Air Pollution a Risk Factor for Tuberculosis

India is a developing country where industrialization and urbanization is in progress. These two development process are the major contributor of air pollution. Recent studies have considered air pollution as one of the factor affecting the incidence of TB [6- 10]. According to [11] occurrence of TB is reported majorly from localities with severe air pollution. Air pollution has detrimental impact on immune system which increases the susceptibility towards active TB. The rising air pollution affects lungs function by various means such as decreasing macrophage functioning, inflammation of airways, bronchial irritation, reduce mucociliary clearance, increased reactivity and enhanced vulnerability towards pathogens [12-14]. The expression of proinflamatory mediators during infection is suppressed by the particulate matters released due to diesel combustion leading to alteration of antimicrobial immunity [14,15]. Air pollution relating to TB may be classified into two type�s i.e. indoor air pollution and outdoor air pollution. Burning of biomass fuel (wood, agriculture residue, straw, cow dung cake) and coal for cooking purpose causes indoor air pollution where as outdoor air pollution is source from the fuel combustion of automobiles [16-18]. Few studies have identified the association between outdoor air pollution and respiratory diseases [9,19-20]. Many reports have suggested the link between indoor air pollution and TB however, a very little information is available about the effect of outdoor air pollution on TB [21].

A retrospective study conducted at metropolitan hospital, Los Angles reported that exposure to a higher level of particulate matter with an aerodynamic diameter of ‹ 2.5�m (PM2.5) and O3 is significantly associated with positive TB. This is the first paper reporting about the correlation between ambient air pollution and smear positive tuberculosis [22]. The incidence of TB is reported to be more in socially deprived [23,24], overcrowded [25-27] and poor ventilated areas [28,29]. Lai Pc [30] Explained that the high rise and high density dwelling in urban areas of Hong Kong results in poor ventilation, bad air quality and lowering of sunlight penetration. These conditions are related with the development and transmission of active TB.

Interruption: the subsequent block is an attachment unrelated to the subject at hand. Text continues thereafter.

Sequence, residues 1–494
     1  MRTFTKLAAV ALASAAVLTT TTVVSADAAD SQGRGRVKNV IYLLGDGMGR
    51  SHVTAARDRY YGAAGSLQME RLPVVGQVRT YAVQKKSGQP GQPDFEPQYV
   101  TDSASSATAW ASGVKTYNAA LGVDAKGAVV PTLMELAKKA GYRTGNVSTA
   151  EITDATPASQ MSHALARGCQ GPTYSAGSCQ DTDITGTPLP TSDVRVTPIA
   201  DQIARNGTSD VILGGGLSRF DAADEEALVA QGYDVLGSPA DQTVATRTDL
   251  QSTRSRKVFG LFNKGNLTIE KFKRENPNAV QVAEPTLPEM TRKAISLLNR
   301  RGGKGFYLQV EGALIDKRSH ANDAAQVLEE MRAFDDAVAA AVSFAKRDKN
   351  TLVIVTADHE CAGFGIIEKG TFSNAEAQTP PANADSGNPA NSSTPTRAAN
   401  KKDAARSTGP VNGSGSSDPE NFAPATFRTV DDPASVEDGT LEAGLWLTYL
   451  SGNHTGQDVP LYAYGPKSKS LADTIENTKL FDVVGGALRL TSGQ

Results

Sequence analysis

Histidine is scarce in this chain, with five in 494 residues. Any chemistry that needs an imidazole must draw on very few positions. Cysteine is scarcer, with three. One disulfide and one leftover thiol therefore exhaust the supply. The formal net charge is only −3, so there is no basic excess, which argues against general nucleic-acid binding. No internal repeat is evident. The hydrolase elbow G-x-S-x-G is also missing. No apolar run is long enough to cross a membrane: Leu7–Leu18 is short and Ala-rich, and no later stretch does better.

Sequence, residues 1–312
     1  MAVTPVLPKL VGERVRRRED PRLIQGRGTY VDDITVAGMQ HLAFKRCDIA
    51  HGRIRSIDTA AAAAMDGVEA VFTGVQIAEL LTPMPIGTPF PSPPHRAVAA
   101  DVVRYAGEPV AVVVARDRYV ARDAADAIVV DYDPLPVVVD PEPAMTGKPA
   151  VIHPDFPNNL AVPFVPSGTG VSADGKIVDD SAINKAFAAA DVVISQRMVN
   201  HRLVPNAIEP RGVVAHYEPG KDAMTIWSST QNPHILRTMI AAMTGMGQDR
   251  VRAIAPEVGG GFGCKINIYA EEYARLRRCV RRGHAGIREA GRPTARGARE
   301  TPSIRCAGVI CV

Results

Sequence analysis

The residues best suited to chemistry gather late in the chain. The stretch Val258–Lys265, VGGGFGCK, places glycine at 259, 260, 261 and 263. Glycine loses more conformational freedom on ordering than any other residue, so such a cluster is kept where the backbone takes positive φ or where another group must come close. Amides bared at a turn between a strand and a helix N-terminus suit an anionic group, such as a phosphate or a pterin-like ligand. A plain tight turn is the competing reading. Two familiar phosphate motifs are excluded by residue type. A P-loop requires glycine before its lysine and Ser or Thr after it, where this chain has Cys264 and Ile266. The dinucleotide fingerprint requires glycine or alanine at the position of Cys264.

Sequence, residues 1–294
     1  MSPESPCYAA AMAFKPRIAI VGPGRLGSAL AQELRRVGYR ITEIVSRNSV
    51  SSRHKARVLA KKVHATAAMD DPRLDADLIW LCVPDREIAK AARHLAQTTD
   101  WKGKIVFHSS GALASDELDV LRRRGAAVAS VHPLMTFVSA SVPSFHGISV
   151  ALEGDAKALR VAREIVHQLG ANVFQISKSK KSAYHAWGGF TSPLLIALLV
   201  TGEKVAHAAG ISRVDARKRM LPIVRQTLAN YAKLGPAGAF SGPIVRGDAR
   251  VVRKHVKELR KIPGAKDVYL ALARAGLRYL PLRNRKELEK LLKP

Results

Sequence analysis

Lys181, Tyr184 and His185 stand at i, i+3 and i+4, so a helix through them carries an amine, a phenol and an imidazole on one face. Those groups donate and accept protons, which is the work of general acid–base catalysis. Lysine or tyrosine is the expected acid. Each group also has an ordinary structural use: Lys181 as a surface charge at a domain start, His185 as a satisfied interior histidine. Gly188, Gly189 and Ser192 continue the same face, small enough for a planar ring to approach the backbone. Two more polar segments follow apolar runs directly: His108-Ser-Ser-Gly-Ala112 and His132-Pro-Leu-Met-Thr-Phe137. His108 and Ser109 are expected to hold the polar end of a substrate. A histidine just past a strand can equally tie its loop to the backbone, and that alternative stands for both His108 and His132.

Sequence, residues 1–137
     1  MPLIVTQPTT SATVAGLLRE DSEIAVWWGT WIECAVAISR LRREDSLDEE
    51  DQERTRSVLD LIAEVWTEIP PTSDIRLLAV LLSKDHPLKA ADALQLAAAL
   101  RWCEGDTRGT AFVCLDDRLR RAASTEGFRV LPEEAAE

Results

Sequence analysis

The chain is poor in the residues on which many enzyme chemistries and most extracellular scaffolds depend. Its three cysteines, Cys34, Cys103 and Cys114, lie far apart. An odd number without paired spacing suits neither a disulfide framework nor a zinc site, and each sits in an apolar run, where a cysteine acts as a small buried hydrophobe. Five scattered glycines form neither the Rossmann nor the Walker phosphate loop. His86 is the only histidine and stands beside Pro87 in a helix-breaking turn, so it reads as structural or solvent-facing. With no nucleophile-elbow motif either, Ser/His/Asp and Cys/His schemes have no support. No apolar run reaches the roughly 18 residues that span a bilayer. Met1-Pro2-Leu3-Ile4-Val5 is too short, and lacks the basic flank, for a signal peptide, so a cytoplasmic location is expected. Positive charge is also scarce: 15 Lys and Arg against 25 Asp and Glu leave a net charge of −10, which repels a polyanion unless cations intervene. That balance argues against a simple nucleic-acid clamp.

Investigated the association of PM10, CO, O3, SO2 and NO2, with the incidence of TB in Seoul metropolitan area [8]. This study reported that the concentration of PM10, CO, O3 and NO2 were not associated with the development of TB in neither male nor female but the increased concentration of SO2 was linked with increased risk of TB development in male by 7%.

Evaluated the association of seasonal variation and short term exposure to environmental risk factor (air pollution and climate) with pulmonary TB development in HIV positive patients in Spain [14]. The data of this retrospective study suggested that seasonal variation is linked to pulmonary TB development in HIV positive patient and a significant association between short term exposure to higher concentration of SO2 and NO2 as well as temperature.

Investigated the relationship between diagnosis of new TB cases and regular exposure to PM10, SO2 and NO2 in Chengdu [31]. The result of this study concluded that exposure to increased concentration of PM10, SO2 and NO2 was linked with increase in development of new TB cases.

An epidemiological study conducted in Jinan city of China reported that exposure to air pollution i.e. PM10, PM2.5, CO, O3 are significantly associated with increased risk to develop first line drug resistant TB [32]. Conducted a study in a metropolitan city of Teheran to find the relation between outdoor air pollution and incidence of TB is associated with exposure of CO and PM2.5 for a long period of time [10]. A study conducted in China also reported about the positive association of air pollutants i.e. PM2.5, CO, O3 and SO2 with diagnosis of new TB cases [33].


In recent studies air pollution is identified as a risk factor for many respiratory disease mostly, Tuberculosis. Despite several government programmes to control TB is active in country, India is leading the world with highest TB burden. Therefore, to eradicate TB the identification of risk factor and its control is foremost necessary. Cessation of smoking and utilization of clean energy will help in reducing the indoor as well as outdoor air pollution. This might help to control TB in country to some extent.


The authors are grateful to Prof. (Dr.) Manojranjan Nayak, President, Siksha �O� Anusandhan (Deemed to be University), for providing infrastructure and encouragement throughout.

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Citation: Devia G, Balasundaramb CH and Ramasamyc H. Inhibition of Macrophage Activity and Expression Profile of IL Genes in Goldfish after Challenge and Immunized with Aeromonas hydrophila. J Bacteriol Mycol. 2019; 6(6): 1119.